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Atheist says: ‘We need more missionaries’

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Just spotted this article by Matthew Parris in the Times Online.  It’s a great contrarian point of view. Missionaries have done a lot of good and have gotten a bad rap for all their effort (for a good example, look at the argument going on in the comment section of my blog on the subject).&n…
By Seth Barnes
Just spotted this article by Matthew Parris in the Times Online.  It’s a great contrarian point of view. Missionaries have done a lot of good and have gotten a bad rap for all their effort (for a good example, look at the argument going on in the comment section of my blog on the subject).  Usually all you ever hear is how paternalistic and culturally invasive missionaries are.  Parris, a confirmed atheist, finds that even the spiritual changes missionaries have brought in Africa have been a positive thing.
Before Christmas I returned, after 45 years, to the country that as
a boy I knew as Nyasaland. Today it’s Malawi, and The Times Christmas
Appeal includes a small British charity working there. Pump Aid helps
rural communities to install a simple pump, letting people keep their
village wells sealed and clean. I went to see this work.

inspired me, renewing my flagging faith in development charities. But
travelling in Malawi refreshed another belief, too: one I’ve been
trying to banish all my life, but an observation I’ve been unable to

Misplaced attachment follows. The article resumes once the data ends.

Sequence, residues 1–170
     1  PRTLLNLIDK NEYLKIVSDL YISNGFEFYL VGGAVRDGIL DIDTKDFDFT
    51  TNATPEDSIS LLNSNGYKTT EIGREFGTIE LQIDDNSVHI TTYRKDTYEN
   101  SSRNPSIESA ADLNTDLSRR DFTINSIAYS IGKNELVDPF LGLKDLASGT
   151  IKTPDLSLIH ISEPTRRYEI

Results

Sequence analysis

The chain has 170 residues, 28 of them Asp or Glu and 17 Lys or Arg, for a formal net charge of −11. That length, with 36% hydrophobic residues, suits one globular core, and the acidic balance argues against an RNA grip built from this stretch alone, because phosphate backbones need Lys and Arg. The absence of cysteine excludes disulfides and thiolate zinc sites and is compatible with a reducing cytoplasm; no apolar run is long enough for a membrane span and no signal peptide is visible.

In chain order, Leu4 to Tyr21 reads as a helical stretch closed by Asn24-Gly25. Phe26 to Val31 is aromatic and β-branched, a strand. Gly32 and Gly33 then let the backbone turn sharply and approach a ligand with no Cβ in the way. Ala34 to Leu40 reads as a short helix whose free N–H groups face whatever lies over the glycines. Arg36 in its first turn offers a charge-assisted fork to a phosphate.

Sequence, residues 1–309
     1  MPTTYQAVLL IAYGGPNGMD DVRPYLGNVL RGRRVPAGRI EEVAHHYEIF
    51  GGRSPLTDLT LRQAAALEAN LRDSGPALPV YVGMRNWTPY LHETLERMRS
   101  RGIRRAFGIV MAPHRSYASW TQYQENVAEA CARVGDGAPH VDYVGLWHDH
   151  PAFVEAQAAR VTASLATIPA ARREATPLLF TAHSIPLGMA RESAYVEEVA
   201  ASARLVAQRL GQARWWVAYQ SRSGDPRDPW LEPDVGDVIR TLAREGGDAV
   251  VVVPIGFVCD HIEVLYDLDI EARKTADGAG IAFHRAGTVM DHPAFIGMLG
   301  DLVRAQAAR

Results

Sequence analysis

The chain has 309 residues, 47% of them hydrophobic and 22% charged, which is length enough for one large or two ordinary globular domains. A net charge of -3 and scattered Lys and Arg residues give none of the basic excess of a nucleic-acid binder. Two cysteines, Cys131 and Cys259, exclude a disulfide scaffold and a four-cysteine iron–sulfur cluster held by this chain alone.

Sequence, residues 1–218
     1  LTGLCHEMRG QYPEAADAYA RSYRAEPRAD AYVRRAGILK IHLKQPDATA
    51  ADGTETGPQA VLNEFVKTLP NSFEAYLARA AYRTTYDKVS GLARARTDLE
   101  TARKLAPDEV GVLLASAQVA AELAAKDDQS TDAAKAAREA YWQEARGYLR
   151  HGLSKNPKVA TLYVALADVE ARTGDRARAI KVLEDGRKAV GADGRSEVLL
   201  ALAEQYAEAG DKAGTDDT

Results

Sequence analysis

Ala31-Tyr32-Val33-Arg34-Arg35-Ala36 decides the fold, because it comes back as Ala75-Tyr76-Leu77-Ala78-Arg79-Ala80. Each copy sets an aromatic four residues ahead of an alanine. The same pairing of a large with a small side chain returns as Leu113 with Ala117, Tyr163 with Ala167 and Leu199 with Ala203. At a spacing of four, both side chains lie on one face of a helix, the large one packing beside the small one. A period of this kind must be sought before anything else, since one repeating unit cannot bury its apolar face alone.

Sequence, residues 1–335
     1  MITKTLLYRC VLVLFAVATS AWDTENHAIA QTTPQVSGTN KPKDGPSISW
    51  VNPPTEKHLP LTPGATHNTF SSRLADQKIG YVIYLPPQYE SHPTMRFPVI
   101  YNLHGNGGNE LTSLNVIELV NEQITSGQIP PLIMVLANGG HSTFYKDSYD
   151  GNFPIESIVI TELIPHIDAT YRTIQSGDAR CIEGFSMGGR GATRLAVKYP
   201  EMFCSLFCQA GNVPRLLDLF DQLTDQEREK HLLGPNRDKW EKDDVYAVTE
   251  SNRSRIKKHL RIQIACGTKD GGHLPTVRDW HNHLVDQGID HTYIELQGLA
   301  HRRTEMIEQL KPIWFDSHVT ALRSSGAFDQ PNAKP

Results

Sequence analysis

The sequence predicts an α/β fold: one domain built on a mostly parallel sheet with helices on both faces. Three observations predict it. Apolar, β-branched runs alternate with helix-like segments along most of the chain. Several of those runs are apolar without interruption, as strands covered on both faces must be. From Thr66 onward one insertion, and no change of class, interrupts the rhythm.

avoid since my African childhood. It confounds my ideological beliefs,
stubbornly refuses to fit my world view, and has embarrassed my growing
belief that there is no God.

Now a confirmed atheist, I’ve
become convinced of the enormous contribution that Christian evangelism
makes in Africa: sharply distinct from the work of secular NGOs,
government projects and international aid efforts. These alone will not
do. Education and training alone will not do. In Africa Christianity
changes people’s hearts. It brings a spiritual transformation. The
rebirth is real. The change is good.

I used to avoid this truth
by applauding – as you can – the practical work of mission churches in
Africa. It’s a pity, I would say, that salvation is part of the
package, but Christians black and white, working in Africa, do heal the
sick, do teach people to read and write; and only the severest kind of
secularist could see a mission hospital or school and say the world
would be better without it. I would allow that if faith was needed to
motivate missionaries to help, then, fine: but what counted was the
help, not the faith.
this doesn’t fit the facts. Faith does more than support the
missionary; it is also transferred to his flock. This is the effect
that matters so immensely, and which I cannot help observing.

then, the observation. We had friends who were missionaries, and as a
child I stayed often with them; I also stayed, alone with my little
brother, in a traditional rural African village. In the city we had
working for us Africans who had converted and were strong believers.
The Christians were always different. Far from having cowed or confined
its converts, their faith appeared to have liberated and relaxed them.
There was a liveliness, a curiosity, an engagement with the world – a
directness in their dealings with others – that seemed to be missing in
traditional African life. They stood tall.

At 24, travelling by
land across the continent reinforced this impression. From Algiers to
Niger, Nigeria, Cameroon and the Central African Republic, then right
through the Congo to Rwanda, Tanzania and Kenya, four student friends
and I drove our old Land Rover to Nairobi.

We slept under the
stars, so it was important as we reached the more populated and lawless
parts of the sub-Sahara that every day we find somewhere safe by
nightfall. Often near a mission.

Whenever we entered a
territory worked by missionaries, we had to acknowledge that something